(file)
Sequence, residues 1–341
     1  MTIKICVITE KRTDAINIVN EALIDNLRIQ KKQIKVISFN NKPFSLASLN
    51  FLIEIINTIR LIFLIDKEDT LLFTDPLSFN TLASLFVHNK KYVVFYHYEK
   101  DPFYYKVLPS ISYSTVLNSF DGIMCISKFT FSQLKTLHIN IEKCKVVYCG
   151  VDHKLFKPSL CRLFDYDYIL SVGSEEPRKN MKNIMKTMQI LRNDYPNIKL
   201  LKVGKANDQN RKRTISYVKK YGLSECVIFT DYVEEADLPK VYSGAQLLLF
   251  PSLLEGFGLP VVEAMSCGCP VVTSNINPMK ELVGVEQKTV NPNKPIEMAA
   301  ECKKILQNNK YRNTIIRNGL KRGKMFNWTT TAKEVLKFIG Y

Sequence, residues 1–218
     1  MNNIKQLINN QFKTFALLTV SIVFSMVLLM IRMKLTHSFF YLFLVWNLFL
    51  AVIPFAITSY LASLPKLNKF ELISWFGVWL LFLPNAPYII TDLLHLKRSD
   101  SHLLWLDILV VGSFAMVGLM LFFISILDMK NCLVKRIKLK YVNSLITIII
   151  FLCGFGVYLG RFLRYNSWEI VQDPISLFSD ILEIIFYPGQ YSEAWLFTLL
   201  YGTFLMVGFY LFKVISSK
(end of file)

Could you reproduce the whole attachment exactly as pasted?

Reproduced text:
Sequence, residues 1–341
     1  MTIKICVITE KRTDAINIVN EALIDNLRIQ KKQIKVISFN NKPFSLASLN
    51  FLIEIINTIR LIFLIDKEDT LLFTDPLSFN TLASLFVHNK KYVVFYHYEK
   101  DPFYYKVLPS ISYSTVLNSF DGIMCISKFT FSQLKTLHIN IEKCKVVYCG
   151  VDHKLFKPSL CRLFDYDYIL SVGSEEPRKN MKNIMKTMQI LRNDYPNIKL
   201  LKVGKANDQN RKRTISYVKK YGLSECVIFT DYVEEADLPK VYSGAQLLLF
   251  PSLLEGFGLP VVEAMSCGCP VVTSNINPMK ELVGVEQKTV NPNKPIEMAA
   301  ECKKILQNNK YRNTIIRNGL KRGKMFNWTT TAKEVLKFIG Y

Sequence, residues 1–218
     1  MNNIKQLINN QFKTFALLTV SIVFSMVLLM IRMKLTHSFF YLFLVWNLFL
    51  AVIPFAITSY LASLPKLNKF ELISWFGVWL LFLPNAPYII TDLLHLKRSD
   101  SHLLWLDILV VGSFAMVGLM LFFISILDMK NCLVKRIKLK YVNSLITIII
   151  FLCGFGVYLG RFLRYNSWEI VQDPISLFSD ILEIIFYPGQ YSEAWLFTLL
   201  YGTFLMVGFY LFKVISSK